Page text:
The Influence of organic matter on the boron isotope geochemistry of the gulf coast sedimentary basin, USA

Lynda Williams, Richard Hervig, Michael E. Wieser, Ian Hutcheon

Research output: Contribution to journalArticlepeer-review

69 Scopus citations


Large variations in the boron isotopic composition of sedimentary environments make boron an attractive monitor of fluid/rock interactions during diagenesis. Studies of B in marine sediments have shown that preferential adsorption of 10B on clay minerals leaves pore waters enriched in 11B. During diagenesis, clay minerals recrystallize and incorporate 10B into the mineral structure (Spivack, A.J., Palmer, M.R., Edmond, J.M., 1987. The sedimentary cycle of the boron isotopes. Geochim. Cosmochim. Acta 51, 1939-1949). This process should cause a depletion of B in the pore water with an increase in the δ11B. In the Gulf Coast sedimentary basin (USA), however, there is a general increase in B-content of formation waters (Land, L.S., Macpherson, G.L., 1992. Origin of saline formation waters. Cenozoic Section, Gulf of Mexico Sedimentary Basin. Geochim. Cosmochim. Acta 76, 1344-1362; Moldovanyi, E.P., Walter, L.M., 1992. Regional trends in water chemistry, Smackover Formation, Southwest Arkansas: Geochemical and physical controls. AAPG Bull. 76, 864-894.) and a decrease in δ11B with depth. This suggests that another source of 10B exists in deep basinal environments. We know that oil reservoir brines are commonly enriched in boron (Collins, A.G., 1975. Geochemistry of Oilfield Waters. Elsevier, New York, p. 496.), therefore this study examines organic matter as a possible source of boron during thermal maturation. Samples of water, oil, and cored sediments were collected from three stacked hydrocarbon reservoirs in the Gulf of Mexico sedimentary basin at a depth of 3500-4350 m. Extraction of boron from organic matter (oil and kerogen) was done by Parr Bomb volatilization, with mannitol used as a B-complexing agent. The isotope ratios were measured using negative thermal ionization and compared to in situ analyses using secondary ion mass spectrometry. The δ11B values of pore filling clays in sandstone reservoirs is -2 ± 2‰. The B-content of the clay averages 144 ppm. Oil field waters show a range in B-content from 8-85 ppm and δ11B values from +28 to +37‰, increasing from the lowest to the uppermost reservoir. There is an apparent 11B-enrichment of fluids with progressive migration through clay-rich sediments. Very little B (ppb) was found in the oil, but kerogen extracted from the oil source rock (Sassen, R., 1990. Lower Tertiary and Upper Cretaceous source rocks in Lousiana and Mississippi: implications to Gulf of Mexico crude oil. AAPG Bull. 74, 857-878.) contains significant B (140 ppm) with a δ11B of -2 ± 2‰, similar to the pore filling clay minerals in the sandstones. While kerogen comprises only ∼ 2% of the sedimentary basin, its influence can be significant if B with distinctly low δ11B is released over a specific temperature interval during thermal maturation. The release of B from organic compounds could cause the observed regional 10B enrichment in waters deep in the Gulf Coast basin.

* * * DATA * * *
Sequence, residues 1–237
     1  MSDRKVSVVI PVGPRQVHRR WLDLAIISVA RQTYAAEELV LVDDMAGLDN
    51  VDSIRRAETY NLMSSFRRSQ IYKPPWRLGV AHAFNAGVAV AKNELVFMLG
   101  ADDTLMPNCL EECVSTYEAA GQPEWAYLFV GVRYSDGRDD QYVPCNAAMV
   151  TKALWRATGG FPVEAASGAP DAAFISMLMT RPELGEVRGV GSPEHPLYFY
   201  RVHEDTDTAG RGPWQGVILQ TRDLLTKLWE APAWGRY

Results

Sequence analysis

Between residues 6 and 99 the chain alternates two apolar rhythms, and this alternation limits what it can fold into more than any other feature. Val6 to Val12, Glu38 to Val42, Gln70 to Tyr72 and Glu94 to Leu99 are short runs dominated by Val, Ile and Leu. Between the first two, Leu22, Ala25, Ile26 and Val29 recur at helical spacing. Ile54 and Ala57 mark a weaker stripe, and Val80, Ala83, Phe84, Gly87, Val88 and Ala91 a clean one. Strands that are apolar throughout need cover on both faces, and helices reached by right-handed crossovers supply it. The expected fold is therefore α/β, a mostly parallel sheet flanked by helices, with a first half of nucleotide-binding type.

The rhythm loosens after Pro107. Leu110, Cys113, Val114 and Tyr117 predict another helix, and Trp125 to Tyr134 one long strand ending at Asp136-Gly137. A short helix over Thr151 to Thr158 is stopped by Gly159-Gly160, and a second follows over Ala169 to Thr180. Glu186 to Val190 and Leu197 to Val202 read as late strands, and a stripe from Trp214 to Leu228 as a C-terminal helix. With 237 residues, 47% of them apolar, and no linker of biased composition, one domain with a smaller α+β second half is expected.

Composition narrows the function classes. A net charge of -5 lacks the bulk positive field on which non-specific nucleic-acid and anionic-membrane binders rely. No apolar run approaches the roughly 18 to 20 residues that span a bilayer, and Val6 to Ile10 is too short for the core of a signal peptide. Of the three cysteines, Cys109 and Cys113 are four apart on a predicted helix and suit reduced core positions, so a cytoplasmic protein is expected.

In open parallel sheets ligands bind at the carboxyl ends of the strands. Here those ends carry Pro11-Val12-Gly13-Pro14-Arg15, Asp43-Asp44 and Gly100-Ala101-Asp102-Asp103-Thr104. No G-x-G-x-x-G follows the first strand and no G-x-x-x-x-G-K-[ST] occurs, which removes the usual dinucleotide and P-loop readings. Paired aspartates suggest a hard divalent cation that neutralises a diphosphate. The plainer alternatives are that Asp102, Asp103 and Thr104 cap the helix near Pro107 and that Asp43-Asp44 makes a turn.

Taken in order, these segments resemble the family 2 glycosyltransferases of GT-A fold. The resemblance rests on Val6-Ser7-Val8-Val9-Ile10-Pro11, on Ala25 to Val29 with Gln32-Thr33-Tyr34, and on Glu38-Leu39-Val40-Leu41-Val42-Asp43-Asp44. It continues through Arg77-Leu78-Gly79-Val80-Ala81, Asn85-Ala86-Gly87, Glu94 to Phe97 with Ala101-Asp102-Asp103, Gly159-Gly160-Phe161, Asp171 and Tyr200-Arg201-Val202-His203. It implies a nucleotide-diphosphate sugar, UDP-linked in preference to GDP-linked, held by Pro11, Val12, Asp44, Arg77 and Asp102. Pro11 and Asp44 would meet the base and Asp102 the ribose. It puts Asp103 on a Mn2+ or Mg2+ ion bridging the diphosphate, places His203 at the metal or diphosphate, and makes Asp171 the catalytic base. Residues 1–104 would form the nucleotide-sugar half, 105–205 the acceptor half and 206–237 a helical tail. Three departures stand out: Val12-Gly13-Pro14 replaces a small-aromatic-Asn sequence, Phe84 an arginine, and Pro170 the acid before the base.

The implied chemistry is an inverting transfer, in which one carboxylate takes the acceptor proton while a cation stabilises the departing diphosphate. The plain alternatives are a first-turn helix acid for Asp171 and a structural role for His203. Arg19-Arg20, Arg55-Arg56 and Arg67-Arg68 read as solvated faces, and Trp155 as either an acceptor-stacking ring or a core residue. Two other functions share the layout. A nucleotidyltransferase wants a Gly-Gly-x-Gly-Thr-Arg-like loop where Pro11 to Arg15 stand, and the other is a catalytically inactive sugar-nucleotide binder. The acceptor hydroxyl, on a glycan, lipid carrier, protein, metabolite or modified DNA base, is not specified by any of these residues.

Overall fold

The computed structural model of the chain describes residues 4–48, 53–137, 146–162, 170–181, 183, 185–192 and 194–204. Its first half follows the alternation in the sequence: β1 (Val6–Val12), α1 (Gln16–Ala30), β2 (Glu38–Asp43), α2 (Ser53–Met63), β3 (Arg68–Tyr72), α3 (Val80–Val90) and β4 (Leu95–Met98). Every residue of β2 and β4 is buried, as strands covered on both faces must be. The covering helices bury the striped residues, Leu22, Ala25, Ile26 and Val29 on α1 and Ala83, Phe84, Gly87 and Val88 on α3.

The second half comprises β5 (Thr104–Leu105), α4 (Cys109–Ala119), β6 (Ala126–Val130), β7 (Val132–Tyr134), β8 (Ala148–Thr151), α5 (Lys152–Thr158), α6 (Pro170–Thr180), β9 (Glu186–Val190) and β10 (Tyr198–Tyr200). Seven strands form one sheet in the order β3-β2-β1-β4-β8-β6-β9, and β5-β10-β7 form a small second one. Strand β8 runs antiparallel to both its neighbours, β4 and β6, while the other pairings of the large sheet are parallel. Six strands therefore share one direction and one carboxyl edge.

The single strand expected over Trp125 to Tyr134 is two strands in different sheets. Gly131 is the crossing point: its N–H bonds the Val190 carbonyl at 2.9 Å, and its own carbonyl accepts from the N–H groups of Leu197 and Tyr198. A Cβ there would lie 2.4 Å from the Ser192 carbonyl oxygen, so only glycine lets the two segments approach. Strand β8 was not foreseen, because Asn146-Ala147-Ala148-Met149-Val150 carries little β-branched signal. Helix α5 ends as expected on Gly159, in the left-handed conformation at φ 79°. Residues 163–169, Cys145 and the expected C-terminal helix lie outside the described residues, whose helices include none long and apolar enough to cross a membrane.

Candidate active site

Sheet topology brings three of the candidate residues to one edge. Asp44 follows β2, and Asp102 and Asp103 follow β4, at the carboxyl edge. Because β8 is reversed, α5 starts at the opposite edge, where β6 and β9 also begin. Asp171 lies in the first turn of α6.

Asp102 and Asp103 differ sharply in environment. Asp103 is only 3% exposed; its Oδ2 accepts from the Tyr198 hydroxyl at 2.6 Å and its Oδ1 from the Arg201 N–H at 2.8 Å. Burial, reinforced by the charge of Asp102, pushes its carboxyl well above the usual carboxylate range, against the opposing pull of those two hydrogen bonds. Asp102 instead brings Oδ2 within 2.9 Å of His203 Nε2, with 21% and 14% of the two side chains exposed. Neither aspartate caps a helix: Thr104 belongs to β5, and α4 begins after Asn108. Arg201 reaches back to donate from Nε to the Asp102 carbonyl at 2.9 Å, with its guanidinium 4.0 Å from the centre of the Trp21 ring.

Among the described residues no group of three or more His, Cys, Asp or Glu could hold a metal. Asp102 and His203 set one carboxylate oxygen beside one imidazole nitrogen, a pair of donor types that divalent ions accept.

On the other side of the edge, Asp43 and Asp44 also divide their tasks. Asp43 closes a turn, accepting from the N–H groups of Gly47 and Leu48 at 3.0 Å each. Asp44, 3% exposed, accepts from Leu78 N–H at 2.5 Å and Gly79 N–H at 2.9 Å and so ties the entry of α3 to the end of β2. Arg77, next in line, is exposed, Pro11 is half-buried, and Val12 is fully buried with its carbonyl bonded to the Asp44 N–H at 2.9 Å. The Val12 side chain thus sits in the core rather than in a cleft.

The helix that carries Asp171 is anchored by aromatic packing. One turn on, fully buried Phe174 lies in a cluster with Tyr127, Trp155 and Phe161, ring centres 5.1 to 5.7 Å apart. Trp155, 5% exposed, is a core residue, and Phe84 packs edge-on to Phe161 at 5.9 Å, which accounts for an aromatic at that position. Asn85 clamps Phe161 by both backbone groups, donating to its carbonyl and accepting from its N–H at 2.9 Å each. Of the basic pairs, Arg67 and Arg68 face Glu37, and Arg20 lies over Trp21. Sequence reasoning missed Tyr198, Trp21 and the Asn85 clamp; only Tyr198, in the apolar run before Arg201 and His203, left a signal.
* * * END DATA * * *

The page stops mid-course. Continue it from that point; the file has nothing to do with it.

Original languageEnglish (US)
Pages (from-to)445-461
Number of pages17
JournalChemical Geology
Issue number4
StatePublished - 2001


  • Boron
  • Diagenesis
  • Hydrocarbons
  • Isotopes
  • Kerogen
  • SIMS
  • TIMS

ASJC Scopus subject areas

  • Geology
  • Geochemistry and Petrology


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